In a lively and engaging narrative, Ellis recounts the sometimes collaborative, sometimes archly antagonistic interactions between these men, and shows us the private characters behind the public personas: Adams, the ever-combative iconoclast, whose closest political collaborator was his wife, Abigail; Burr, crafty, smooth, and one of the most despised public figures of his time; Hamilton, whose audacious manner and deep economic savvy masked his humble origins; Jefferson, renowned for his eloquence, but so reclusive and taciturn that he rarely spoke more than a few sentences in public; Madison, small, sickly, and paralyzingly shy, yet one of the most effective debaters of his generation; and the stiffly formal Washington, the ultimate realist, larger-than-life, and America's only truly indispensable figure.

Ellis argues that the checks and balances that permitted the infant American republic to endure were not primarily legal, constitutional, or institutional, but intensely personal, rooted in the dynamic interaction of leaders with quite different visions and values. Revisiting the old-fashioned idea that character matters, Founding Brothers informs our understanding of American politics--then and now--and gives us a new perspective on the unpredictable forces that shape history.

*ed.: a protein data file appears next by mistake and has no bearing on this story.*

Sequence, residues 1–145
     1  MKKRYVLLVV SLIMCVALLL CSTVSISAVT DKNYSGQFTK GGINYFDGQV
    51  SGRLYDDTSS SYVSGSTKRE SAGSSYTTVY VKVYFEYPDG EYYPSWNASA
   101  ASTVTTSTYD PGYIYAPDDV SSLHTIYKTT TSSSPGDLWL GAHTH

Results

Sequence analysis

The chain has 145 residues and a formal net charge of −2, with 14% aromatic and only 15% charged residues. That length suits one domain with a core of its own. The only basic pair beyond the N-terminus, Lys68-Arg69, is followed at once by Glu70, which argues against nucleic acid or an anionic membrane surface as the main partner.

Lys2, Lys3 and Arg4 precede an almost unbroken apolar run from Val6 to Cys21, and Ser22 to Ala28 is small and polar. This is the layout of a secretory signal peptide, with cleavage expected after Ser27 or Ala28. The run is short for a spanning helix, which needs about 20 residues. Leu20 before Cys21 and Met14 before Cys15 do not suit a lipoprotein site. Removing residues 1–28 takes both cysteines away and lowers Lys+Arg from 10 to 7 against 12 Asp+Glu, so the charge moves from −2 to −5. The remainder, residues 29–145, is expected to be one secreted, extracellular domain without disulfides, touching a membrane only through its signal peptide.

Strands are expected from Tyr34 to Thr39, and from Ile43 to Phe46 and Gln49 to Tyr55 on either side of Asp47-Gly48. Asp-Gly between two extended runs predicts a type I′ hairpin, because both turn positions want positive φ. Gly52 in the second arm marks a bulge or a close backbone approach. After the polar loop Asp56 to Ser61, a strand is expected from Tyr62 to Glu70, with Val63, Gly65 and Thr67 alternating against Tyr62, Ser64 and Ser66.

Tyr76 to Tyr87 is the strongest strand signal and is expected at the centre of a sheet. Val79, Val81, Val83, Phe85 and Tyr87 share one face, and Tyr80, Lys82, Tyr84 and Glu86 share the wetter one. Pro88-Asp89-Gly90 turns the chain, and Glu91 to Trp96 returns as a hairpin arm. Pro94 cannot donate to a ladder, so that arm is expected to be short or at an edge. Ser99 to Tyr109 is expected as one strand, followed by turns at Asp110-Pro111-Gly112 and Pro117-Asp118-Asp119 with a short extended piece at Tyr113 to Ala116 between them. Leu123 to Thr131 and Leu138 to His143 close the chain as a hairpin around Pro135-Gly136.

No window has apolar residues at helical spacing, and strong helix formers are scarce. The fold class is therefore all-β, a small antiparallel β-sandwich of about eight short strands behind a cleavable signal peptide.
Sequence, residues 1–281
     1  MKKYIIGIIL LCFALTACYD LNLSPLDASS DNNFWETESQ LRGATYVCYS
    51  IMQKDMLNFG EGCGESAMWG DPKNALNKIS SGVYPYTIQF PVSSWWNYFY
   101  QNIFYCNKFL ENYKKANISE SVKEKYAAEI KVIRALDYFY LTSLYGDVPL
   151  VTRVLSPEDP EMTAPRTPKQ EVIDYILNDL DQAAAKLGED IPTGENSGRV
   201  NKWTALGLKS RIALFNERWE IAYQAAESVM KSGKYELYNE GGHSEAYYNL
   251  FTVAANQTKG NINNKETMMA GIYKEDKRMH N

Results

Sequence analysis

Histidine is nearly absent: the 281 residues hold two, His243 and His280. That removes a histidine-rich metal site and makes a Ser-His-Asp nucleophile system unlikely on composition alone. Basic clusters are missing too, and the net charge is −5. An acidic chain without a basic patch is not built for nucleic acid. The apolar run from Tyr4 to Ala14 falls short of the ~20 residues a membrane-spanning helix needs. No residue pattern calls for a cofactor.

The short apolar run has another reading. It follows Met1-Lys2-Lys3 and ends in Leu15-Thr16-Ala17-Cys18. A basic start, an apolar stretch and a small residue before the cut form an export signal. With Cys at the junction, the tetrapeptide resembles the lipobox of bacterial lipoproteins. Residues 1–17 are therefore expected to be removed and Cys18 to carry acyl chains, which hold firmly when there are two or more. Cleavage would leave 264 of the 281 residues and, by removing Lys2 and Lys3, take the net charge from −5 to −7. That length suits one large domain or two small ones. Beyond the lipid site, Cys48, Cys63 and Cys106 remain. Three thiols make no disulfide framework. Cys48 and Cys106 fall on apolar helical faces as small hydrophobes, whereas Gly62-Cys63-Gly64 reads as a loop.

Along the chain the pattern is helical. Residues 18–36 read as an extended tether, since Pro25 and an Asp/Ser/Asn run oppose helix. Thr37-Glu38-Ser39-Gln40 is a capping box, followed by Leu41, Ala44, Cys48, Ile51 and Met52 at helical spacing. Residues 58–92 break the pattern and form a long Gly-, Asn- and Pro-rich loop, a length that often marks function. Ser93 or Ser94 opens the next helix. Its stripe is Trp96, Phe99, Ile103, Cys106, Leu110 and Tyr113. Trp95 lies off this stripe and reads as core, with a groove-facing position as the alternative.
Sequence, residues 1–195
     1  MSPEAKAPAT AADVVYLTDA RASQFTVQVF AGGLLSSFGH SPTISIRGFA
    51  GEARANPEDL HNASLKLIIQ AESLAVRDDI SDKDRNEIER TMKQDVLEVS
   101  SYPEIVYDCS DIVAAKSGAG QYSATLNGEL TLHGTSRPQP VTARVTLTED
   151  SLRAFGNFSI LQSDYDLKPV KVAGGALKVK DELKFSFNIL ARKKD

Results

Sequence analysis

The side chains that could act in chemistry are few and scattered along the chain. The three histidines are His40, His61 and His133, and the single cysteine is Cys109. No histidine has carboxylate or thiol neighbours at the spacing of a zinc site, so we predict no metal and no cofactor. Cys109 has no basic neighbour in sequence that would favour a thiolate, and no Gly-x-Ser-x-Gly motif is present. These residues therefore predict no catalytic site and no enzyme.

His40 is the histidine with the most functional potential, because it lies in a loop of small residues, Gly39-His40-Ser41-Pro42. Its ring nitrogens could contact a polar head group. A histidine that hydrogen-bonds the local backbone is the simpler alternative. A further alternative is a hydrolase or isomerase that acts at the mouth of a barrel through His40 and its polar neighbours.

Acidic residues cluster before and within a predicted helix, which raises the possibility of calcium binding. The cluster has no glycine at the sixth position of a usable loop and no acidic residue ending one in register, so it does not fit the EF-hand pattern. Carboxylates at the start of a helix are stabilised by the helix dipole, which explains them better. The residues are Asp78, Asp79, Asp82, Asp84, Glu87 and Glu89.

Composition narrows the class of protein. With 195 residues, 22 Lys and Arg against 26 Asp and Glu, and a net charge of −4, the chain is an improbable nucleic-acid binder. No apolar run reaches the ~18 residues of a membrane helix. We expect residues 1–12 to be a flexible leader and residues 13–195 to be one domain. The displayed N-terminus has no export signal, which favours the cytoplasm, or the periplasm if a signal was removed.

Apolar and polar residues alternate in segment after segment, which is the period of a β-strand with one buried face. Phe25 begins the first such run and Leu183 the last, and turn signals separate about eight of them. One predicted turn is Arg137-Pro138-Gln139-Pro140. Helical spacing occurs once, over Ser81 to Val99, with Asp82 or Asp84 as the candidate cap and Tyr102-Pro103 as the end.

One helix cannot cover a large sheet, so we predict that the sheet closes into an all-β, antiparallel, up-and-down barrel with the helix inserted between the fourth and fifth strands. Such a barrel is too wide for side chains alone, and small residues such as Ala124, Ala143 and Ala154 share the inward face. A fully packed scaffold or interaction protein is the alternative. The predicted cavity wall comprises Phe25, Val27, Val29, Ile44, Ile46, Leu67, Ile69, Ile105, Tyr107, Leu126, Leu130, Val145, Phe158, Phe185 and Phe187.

The Generation

No event in American history which was so improbable at the time has seemed so inevitable in retrospect as the American Revolution. On the inevitability side, it is true there were voices back then urging prospective patriots to regard American independence as an early version of manifest destiny. Tom Paine, for example, claimed that it was simply a matter of common sense that an island could not rule a continent. And Thomas Jefferson's lyrical rendering of the reasons for the entire revolutionary enterprise emphasized the self-evident character of the principles at stake.